11.1 When praying died down on earth, a startled God woke up.

11.2 Overnight the days turn white.

11.3 A heavy word that wants to be breathed lightly.

11.4 A word: so old, so gray, that silence apprenticed itself to it.

11.5 The rock face, punctured by the roar of the ocean; the ocean, ploughed through by the storms of infinity; infinity, furled by the whisperings of the forlorn.



12. The one door answers to the other, and the one — the fool — who stands in front of the first door, stops! he claims to have made out a sign meant for him and believes — what, in fact — does he believe? He believes that he has to knock anew.


13.1 To go into the desert, to be able to reach its most torrid middle, so as to bury there the plan of the city of a thousand fountains.
Paris, May 13 1951


13.2 My friends: they wired me congratulations for the approaching day of my death.



14.1 And even the trace of his blood had the color of his spirit. No other.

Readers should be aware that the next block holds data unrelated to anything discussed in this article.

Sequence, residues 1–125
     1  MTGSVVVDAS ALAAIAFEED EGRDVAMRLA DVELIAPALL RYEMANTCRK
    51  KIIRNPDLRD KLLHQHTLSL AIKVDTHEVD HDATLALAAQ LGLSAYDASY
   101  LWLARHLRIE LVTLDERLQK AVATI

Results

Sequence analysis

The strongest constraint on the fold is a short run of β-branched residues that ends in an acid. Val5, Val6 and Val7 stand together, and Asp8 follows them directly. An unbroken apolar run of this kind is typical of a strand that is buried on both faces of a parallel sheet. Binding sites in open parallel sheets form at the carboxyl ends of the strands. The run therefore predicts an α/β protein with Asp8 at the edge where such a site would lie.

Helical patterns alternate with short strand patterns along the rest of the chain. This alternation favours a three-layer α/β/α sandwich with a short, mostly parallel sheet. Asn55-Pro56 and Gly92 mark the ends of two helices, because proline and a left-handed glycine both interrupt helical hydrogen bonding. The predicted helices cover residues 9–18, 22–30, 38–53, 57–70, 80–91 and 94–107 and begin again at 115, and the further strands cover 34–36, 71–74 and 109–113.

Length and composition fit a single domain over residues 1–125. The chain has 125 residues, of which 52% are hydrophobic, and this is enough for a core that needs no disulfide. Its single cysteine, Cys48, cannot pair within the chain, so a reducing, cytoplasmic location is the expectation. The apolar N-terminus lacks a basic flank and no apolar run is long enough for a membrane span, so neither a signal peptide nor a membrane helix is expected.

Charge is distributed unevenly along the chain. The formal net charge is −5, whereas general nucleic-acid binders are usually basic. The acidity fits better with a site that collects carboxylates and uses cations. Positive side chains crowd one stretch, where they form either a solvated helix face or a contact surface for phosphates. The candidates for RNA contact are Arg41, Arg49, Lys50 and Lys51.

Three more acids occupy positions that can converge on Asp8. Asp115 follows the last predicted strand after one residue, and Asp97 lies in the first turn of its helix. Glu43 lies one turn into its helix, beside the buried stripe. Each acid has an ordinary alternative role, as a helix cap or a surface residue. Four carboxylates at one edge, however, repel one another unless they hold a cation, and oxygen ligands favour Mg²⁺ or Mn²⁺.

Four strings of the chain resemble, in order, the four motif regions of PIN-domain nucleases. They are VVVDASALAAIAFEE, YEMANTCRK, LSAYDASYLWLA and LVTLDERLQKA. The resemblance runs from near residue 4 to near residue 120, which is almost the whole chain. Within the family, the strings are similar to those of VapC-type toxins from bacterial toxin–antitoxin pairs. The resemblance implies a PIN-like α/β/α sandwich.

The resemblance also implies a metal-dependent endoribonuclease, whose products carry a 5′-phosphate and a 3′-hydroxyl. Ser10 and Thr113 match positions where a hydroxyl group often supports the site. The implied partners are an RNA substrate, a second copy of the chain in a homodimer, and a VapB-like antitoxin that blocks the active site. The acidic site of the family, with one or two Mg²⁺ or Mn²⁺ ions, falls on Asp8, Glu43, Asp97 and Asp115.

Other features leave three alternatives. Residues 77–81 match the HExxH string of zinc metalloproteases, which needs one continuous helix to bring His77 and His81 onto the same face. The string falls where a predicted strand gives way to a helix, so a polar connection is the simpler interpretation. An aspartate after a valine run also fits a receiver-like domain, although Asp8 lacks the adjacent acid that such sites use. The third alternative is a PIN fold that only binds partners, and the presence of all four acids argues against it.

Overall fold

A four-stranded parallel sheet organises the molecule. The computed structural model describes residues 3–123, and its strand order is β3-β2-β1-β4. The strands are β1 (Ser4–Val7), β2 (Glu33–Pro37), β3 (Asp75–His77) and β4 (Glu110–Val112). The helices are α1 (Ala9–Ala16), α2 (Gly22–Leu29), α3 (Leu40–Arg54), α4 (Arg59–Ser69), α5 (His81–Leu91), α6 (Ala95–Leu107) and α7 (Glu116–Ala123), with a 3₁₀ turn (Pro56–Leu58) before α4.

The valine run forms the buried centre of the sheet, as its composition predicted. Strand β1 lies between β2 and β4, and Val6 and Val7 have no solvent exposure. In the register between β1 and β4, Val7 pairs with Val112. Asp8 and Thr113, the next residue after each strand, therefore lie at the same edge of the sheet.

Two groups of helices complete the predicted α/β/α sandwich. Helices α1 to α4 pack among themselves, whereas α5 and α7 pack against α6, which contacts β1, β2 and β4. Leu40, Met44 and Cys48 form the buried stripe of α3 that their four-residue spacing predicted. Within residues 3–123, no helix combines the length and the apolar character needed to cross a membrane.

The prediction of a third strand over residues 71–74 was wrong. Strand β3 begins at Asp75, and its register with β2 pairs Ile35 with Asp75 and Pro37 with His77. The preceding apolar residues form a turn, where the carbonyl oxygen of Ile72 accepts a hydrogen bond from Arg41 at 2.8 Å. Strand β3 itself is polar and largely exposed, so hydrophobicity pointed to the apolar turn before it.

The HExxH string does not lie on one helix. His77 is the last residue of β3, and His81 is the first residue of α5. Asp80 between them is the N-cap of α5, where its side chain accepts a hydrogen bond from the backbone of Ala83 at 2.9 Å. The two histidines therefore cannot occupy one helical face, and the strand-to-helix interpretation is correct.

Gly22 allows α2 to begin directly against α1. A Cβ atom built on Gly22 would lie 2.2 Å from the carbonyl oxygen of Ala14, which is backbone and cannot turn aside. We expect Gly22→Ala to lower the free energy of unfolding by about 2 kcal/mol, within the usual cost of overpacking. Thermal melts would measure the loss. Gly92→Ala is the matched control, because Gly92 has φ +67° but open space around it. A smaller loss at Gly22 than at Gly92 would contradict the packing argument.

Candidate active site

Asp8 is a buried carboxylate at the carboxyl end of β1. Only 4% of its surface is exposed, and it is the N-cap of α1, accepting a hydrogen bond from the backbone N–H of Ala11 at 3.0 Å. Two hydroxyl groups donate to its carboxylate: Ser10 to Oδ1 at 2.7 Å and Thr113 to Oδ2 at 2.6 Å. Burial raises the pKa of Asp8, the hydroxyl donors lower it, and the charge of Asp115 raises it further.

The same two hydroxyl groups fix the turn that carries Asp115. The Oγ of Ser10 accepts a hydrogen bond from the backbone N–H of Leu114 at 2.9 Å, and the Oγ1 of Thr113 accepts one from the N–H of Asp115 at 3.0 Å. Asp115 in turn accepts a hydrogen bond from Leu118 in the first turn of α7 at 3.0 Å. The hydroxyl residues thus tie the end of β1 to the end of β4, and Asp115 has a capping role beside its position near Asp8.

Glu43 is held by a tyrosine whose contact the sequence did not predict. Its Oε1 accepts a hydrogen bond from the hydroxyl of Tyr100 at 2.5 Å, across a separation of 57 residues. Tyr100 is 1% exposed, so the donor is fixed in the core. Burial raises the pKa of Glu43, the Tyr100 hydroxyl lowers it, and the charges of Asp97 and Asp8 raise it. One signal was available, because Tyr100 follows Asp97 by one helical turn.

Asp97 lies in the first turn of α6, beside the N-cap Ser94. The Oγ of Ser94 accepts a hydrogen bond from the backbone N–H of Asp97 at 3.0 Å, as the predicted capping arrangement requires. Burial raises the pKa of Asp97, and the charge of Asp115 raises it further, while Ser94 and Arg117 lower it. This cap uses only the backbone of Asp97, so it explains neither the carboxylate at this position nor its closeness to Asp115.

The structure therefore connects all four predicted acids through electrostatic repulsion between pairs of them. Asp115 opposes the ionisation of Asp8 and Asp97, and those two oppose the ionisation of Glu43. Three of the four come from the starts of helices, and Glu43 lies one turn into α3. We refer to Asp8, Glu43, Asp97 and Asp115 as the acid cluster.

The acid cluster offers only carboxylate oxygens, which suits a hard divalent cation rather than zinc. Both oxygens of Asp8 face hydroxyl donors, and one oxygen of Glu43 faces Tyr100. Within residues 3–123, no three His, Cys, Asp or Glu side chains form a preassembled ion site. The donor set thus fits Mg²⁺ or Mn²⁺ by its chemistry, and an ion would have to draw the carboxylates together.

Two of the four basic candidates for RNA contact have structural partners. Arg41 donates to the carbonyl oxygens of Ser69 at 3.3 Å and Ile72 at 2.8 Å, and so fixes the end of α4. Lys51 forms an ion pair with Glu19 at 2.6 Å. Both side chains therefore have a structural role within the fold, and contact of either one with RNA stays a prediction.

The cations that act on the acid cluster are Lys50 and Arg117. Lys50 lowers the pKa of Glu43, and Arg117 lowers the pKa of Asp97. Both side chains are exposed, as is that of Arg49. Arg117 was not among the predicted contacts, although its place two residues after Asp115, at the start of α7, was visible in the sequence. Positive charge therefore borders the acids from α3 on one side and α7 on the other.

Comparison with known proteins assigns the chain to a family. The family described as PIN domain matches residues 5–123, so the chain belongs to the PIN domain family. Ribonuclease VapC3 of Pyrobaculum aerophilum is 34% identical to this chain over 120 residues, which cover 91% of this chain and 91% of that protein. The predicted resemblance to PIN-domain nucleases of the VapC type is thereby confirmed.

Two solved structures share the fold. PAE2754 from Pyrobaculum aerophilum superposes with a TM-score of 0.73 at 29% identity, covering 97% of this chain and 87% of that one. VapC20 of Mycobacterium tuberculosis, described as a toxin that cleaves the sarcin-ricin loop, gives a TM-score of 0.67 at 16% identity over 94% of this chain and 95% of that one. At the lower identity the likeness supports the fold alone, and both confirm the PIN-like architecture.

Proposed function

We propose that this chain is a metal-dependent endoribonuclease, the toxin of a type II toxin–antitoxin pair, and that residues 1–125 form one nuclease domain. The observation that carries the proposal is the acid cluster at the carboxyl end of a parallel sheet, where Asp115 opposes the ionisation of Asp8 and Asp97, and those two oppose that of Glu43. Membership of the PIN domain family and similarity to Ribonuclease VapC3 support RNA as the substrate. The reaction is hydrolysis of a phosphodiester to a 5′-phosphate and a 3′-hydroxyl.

14.2 A language, as incomprehensible as two identical words that hover on two ready-to-kiss pairs of lips.




COMMENTARY: These texts were gathered in a document that is probably an attempt to ready a number of his aphorisms for publication. In 1949 Celan sent a ms. to Max Rychner at the Zürcher Zeitung with “a few pages of short prose I call ‘Counterlight,’ and that, there where they are the most idiosyncratic, perhaps help to prove the reality of poetry.” From Paul Celan; “Mikrolithen sinds, Steinchen” Die Prosa aus dem Nachlaß. Kritische Ausgabe. Herausgegeben und kommentiert von Barbara Wiedemann und Bertrand Badiou. Suhrkamp Verlag 2005.